Arco Tone on the Bass: Three Main Components

Bass Bow - photo by MTSOfan

Photo by MTSOfan

There are a number of things than can adversely affect a bassist’s tone when they are using the bow. For example, failing to move the bow parallel to the bridge will cause impurities in the tone. Too much, or too little, rosin can cause problems. So can worn out bow hair or an improperly tightened bow. Beyond moving the bow parallel to the bridge and having properly maintenanced equipment, however, we can create the tone we are looking for by experimenting, and adjusting, just three main variables: Weight, Placement and Speed.

Weight refers to the amount of force placed on the string by the bow. Although “pressure” would be another word for this, many avoid using this word as it implies muscular force, rather than the weight of the arm. Using the weight of the arm is nearly always preferable to using muscular effort.

Placement refers to where we place the bow on the string. For example, “over the fingerboard” and “one centimeter from the bridge” would be instructions for bow placement.

Speed refers to how fast we are moving the bow, not the speed of the note itself. For example, if we play a quarter note at 60 bpm we might use ¼ of the length of the bow to do so. Alternatively, we could play a quarter note at 60 bpm using ½ of the bow, by doubling the speed at which we move the bow.

If we find we are unhappy with the tone we are creating, we would be wise to follow a simple protocol:

Become aware of what we are doing with the bow, i.e., what is not working.

  • Where have we placed the bow?
  • How much weight are we using?
  • How fast are we moving the bow?

Experiment with one or more factors

  • Try more speed and less speed
  • Try more weight and less weight
  • Try bowing closer to the bridge and closer to the fingerboard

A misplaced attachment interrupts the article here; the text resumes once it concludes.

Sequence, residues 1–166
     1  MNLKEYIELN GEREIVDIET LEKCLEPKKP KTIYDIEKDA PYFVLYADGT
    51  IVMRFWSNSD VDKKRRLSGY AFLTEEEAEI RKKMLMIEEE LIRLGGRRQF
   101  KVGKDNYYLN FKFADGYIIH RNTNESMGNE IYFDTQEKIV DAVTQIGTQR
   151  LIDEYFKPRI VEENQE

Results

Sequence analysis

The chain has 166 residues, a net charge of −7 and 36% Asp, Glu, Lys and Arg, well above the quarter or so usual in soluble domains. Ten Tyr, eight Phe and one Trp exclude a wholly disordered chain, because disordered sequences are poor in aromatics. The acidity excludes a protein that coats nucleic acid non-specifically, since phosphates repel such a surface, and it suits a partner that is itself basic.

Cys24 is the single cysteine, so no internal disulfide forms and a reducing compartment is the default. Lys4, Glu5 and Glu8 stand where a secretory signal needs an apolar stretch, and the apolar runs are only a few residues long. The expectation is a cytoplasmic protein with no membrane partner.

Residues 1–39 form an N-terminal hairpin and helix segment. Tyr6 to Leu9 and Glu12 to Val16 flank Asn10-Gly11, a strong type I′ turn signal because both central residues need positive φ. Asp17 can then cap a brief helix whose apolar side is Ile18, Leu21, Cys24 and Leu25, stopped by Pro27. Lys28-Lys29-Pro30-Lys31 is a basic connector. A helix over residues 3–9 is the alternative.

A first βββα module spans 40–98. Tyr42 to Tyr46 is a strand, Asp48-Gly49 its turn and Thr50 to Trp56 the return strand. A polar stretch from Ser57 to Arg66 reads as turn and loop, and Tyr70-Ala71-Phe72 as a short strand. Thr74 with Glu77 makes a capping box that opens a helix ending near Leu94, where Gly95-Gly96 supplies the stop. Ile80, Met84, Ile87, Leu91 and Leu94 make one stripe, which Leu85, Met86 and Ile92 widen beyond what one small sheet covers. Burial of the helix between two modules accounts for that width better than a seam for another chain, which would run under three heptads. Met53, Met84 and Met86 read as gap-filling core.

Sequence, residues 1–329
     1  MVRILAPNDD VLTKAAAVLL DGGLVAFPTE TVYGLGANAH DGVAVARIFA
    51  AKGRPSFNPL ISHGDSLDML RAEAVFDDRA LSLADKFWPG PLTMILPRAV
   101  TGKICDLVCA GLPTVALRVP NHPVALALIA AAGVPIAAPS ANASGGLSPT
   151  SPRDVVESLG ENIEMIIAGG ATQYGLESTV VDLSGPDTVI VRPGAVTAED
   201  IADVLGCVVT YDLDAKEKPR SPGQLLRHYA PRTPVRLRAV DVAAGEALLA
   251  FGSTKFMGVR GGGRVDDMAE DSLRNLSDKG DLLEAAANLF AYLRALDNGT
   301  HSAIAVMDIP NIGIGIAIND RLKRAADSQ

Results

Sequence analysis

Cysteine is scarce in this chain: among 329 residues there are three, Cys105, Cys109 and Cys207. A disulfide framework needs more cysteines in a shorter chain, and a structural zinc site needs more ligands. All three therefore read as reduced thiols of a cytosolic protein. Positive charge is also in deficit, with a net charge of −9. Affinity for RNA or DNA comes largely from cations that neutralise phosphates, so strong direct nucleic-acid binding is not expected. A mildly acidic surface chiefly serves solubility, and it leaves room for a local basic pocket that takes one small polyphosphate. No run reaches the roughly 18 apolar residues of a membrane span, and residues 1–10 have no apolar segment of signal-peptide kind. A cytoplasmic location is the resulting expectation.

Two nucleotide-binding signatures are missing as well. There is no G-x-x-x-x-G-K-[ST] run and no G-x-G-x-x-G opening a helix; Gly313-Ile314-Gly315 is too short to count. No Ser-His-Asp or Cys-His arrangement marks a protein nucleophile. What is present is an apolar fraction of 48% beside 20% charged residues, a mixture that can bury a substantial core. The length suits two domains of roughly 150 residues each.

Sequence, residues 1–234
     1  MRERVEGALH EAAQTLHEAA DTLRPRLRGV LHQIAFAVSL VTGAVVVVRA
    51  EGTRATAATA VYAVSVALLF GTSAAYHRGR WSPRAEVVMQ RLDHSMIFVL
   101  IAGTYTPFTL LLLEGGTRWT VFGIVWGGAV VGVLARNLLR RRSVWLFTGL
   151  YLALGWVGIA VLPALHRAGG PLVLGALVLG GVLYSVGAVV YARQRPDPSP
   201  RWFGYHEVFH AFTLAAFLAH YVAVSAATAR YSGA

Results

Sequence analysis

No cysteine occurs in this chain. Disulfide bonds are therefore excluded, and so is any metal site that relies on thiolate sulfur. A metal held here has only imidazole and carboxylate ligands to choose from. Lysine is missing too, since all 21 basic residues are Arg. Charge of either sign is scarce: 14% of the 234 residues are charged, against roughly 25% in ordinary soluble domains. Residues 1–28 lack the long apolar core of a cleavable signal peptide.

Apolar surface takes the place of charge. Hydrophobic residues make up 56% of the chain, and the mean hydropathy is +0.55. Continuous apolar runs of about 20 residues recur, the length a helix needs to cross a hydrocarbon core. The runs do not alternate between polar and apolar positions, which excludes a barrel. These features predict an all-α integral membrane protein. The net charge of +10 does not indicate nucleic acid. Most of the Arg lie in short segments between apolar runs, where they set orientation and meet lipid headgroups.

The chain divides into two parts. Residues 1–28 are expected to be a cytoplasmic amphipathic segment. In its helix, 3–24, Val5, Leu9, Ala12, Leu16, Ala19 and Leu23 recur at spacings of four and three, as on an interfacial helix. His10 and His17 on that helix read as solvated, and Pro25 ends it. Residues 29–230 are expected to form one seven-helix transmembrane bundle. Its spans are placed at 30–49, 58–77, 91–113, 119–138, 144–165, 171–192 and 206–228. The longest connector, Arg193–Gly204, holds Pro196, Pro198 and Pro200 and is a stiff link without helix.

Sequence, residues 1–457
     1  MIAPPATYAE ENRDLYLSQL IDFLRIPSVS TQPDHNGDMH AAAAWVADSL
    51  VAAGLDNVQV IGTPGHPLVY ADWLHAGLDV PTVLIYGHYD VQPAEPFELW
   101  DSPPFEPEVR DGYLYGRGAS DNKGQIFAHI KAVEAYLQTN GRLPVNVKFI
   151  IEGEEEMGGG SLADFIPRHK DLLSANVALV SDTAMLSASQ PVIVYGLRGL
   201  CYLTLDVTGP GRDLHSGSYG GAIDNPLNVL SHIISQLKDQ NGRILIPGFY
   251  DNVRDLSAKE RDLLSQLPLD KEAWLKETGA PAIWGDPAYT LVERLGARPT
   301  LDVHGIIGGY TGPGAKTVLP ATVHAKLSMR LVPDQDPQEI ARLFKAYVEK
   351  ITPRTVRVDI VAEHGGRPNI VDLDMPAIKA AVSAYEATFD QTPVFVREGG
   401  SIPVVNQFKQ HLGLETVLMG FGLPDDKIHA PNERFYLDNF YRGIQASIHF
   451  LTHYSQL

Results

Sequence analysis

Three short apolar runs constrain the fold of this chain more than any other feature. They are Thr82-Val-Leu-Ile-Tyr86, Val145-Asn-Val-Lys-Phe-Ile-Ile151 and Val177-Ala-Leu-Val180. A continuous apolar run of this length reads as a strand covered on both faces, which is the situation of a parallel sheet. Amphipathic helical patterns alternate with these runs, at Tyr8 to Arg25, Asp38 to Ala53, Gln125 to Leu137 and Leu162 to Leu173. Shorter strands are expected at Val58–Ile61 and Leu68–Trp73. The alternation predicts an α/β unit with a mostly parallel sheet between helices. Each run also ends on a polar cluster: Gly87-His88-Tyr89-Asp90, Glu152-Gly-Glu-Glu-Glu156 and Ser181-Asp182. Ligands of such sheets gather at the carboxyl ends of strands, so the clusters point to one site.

• Try more speed and more weight, more speed and less weight
  • Continue until you find a more pleasing tone. This often happens sooner, rather than later.

Remember what adjustments you made to create the tone you are looking to achieve

  • How did you get the sound you wanted? Take note so you can recreate it.

Here is an example of how one might go about this. It is just one of a myriad of possibilities:

  1. In the middle of a piece, you play four quarter notes on the G string. They sound crushed, with lots of grit in the tone. Furthermore, there isn’t much resonance and it’s on the scratchy and “grunty” side.
  2. You notice that you are bowing over the fingerboard, using about one inch of bow per note and you are pressing into the string with a great deal of force.
  3. First, you lower the bow to be about halfway between the fingerboard and the bridge, while keeping the same bow speed and weight as before. This improves things a bit, but the sound is still unpleasant.
  4. Next, you try bowing halfway between the fingerboard and the bridge with triple the bow speed. Doing this creates a more pleasing tone, but it much too loud.
  5. Next, you bow halfway between the fingerboard and the bridge with triple your original bow speed and with about half your original pressure into the string. This is a sound much more to your liking and appropriate for the music you are playing.
  6. You make note of your new Placement, Speed and Weight and repeat your four quarter notes several times successfully.
  7. Next you “take a run” at the passage and when you get to the bar in question you make sure you are bowing halfway between the fingerboard and the bridge with a faster bow speed than before and with about half your previous bow pressure.

So next time you are unhappy with your tone, experiment with your Weight, Placement and Speed.

Dr. Donovan Stokes is on the faculty of Shenandoah University-Conservatory. Visit him online at and check out the Bass Coalition at

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